Thursday, October 31, 2013

2013 Halloween Bike Ride

 42F, cloudy and breezy

Halloween bike rides are gaining popularity around the country. Because it's not a race it's inclusive, appealing to all ages, most especially families. Combining fun or ghoulish costumes with cycling is like a big party. Burlington's Halloween Bike Ride started about 5 years ago, with this year's event drawing 300 people.

No time to dilly dally; it was pretty chilly, yet it started late, as always. I was delighted to see a slew of volunteers gathered for a meeting. These are the folks that guard intersections, making it safer for all riders.

Some attendees go all out, decorating bicycles too.

This is the only time of year we can legally ride on  pedestrian-only Church Street. Someone chuckled at the sandwich boards specifying " Walk Your Bikes". The Halloween ride is sanctioned by the city, led by police car.

New this year: stenciled markings on the route. I immediately noticed the "Shared Streets Not Scared Streets" symbol—a cat on wheels.

The ride zig zagged all over the city this time, north end, downtown, and south end neighborhoods—over three miles.

It was also a nice way to observe decorated houses and yards.

We hoot and holler, ring bells. Someone had Halloween themed music blasting from a player hidden within their milk crate. People came outside to watch.

The parade ends at Maglianero for food and festivities.

There is temporary bike parking. Suspend your bike seat from horizontal piping.

My friend, Adele and I, pre-ride. Photo credit: Adele's husband.

Photo credit: Litterwithastorytotell
Yours truly in houndstooth jacket, spider atop helmet, and black wig. It's a quasi-costume, but I didn't want to show up without some sort of Halloween attire. Nearly everyone dresses up, which is what makes this a fun ride.

Photo credit: Litterwithastorytotell

Wednesday, October 30, 2013

2013 Foliage Challenge - Photo #10

This row of maple trees is my gauge for when it's peak foliage. No two trees ever turn the exact same shade of color, but rather, it's a progression. This stand transforms slowly, flourishing golden then orange, then the leaves eventually fall into a lovely carpet. As I coast by, I bask in their glory, marveling, just because I can.

Join me in this Celebration of Fall. I'll post your foliage photo(s) in this series.

Monday, October 28, 2013

Peugeot UO 14 - Making it Mine

After the initial shakedown ride and problems encountered, the Peugeot is back on the road. A local shop replaced the broken spoke and miles later, it is holding it's own. With their suggestion, I was able to swap the brake levers myself without difficulty. The things I learn when making mistakes...

The more I ride the Peugeot the more I appreciate the upright handlebars. Between the extremely comfortable grips and efficient brake levers, it's a good set up for errand rides. I will need to address the pulsing and squealing in rear brakes. Everyone can hear me coming!

I also don't mind downtube shifters because, frankly, I rarely shift. And in fact, I remain in the low range on the flats and while cruising Burlington's hills. I think the lightweight frame and cushiony tires make this a zippy bicycle all by itself. The Peugeot would be a good candidate for 1x6 gears. However, I'm not inclined to spend money altering chainrings that are currently adequate.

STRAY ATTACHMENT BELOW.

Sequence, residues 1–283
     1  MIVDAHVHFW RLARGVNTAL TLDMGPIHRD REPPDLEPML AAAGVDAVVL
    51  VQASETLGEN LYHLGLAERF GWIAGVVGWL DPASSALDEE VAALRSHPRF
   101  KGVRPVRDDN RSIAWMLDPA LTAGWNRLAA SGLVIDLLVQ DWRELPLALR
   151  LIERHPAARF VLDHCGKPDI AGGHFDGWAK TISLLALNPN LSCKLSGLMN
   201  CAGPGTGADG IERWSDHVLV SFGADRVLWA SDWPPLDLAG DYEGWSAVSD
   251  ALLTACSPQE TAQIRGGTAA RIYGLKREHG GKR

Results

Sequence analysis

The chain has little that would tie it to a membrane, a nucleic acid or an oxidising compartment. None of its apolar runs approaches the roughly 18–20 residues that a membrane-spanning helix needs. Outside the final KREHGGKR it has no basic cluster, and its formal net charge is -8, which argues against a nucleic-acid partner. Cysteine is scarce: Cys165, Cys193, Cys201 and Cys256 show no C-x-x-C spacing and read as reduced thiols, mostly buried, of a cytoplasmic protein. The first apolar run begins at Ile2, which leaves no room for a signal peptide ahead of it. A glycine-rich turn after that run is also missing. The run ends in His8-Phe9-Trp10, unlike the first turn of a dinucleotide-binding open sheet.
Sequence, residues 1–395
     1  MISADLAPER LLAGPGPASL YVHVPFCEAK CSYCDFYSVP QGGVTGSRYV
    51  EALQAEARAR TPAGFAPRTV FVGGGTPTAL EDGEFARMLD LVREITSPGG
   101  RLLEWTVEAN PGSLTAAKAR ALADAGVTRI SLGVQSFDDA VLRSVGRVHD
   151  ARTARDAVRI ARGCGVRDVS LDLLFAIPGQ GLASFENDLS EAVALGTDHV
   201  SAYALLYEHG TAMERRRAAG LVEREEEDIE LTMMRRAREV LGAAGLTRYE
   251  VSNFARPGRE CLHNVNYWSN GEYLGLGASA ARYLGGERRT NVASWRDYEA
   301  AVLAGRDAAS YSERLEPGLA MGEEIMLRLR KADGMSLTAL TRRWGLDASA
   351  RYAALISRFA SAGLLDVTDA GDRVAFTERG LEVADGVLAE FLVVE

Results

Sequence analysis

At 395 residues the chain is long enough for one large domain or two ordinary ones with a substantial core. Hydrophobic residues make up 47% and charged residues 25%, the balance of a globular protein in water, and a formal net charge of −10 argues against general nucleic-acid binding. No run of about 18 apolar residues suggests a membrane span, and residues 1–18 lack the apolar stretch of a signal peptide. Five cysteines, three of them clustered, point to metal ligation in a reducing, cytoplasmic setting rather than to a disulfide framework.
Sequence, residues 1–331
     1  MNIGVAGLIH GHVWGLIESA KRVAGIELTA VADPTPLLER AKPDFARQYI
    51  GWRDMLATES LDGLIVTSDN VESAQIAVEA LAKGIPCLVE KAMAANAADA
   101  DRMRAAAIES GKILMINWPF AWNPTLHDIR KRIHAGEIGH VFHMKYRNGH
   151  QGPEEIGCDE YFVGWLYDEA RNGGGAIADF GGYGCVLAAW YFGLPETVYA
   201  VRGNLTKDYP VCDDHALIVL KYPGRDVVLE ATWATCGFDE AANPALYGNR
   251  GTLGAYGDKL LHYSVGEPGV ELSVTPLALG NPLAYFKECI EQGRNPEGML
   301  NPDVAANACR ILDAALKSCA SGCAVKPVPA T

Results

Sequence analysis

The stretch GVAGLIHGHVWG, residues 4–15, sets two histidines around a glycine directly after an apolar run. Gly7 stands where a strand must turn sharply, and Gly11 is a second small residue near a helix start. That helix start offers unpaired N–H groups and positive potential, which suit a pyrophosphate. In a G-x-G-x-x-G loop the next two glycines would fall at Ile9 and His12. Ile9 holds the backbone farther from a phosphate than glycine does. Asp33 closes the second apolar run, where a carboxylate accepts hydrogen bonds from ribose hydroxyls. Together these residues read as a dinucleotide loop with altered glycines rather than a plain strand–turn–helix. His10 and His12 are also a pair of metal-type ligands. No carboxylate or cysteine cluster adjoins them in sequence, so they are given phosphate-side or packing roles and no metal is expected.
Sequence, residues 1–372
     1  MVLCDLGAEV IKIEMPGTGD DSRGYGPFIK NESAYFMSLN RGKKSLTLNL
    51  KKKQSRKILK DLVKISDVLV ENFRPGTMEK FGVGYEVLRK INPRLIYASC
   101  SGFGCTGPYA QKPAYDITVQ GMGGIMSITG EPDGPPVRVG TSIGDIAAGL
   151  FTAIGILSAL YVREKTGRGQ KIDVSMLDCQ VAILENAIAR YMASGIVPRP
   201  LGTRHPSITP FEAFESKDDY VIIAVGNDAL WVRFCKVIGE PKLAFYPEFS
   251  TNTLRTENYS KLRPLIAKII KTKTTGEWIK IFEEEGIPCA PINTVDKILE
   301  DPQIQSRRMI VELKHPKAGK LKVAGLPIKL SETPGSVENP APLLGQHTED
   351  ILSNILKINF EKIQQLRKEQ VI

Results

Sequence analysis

I have the rack adjusted so it's one inch above the tire.
I installed a Wald basket. I think the sizing may be too large, but returning it would be cost prohibitive so I will try it out for a while. I've made two or three adjustments—mainly replacing provided nuts with lock nuts, plus tightening screws a bit more. So far, so good.

Enjoying foliage rides on the Peugeot.
Our son hopped on my bike after we arrive at our camp.
He wanted to try out my new grips.
As an aside, isn't any bike that you care about, continually a work in progress? Often a once loved bike might now need—20 years later—alteration to make it comfortable again. So be it.

After a few miles on the Peugeot, the new racer style seat felt like a rock. I reconsidered the gel seat that came with the bike. The only problem was the lycra cover had long since disintegrated. I won't provide an in depth tutorial on my creative process—there is plenty of information on the Internet—but initially I tried replacing the fabric. I was after a professional look, except re-stapling the synthetic material to tough plastic failed miserably. As a backup I created a seat cover. It came out snug, but has—so far—held up well.

Oo la la! This cage oozes style.
I liked the existing bottle cage, but a unique gift from a friend was too lovely to relegate to our parts box. The Portland Design Works Bird Cage is stylish and practical. Need I say more?

Last ride in sandals.
At some point I will transfer the bell and mirror from the Ross—once I'm convinced I won't be riding the girly bike anymore—and I imagine, over the long haul, the Peugeot will need fenders. And clearly, the basket must have straps to contain belongings and purchases. Also, the basket tends to swing around and nick the frame. But, I have plans brewing in my head for stylish solutions to both problems. I've saved used tubes; bought a titanium needle for sewing machine (as suggested by Bicitoro plus her awesome tutorials), more leopard print fabric, and a desire to create. I'm going to have fun!

Sunday, October 27, 2013

2013 Foliage Challenge - Photo #9

Portland Orgeon
My friend, Patty's, getting into the spirit of autumnal tree spotting. Love those pinks!

"I was biking to the grocery store, mindlessly enjoying the sunshine on a lovely afternoon when this beauty stopped me in my tracks and made me go back to take a photo. Vivid, striking, what a treat!" -Patty

Join me in this Celebration of Fall. I'll post your foliage photo(s) in this series.

Saturday, October 26, 2013

2013 Foliage Challenge - Photo #8

I present to you...(imagine a drum roll)...Rantwick's King Tree. He admits it was a lackluster year in London, Ontario. The weather gods weren't aligned. But, despite the outcome, I can see why he pedals by this tree every year with his tongue hanging out, anticipating the right day to take a photo. The canopy is broad. (Imagine raking the leaves when this baby lets loose!)

Rantwick's been a good sport. He's put up with personal and public ribbing from me. (Doesn't he invite this though?) In heartfelt gratitude, I thank you, Rantwick, for putting up with my chiding, for your contribution, and for starting this tree spotting thing in the first place. It's all good.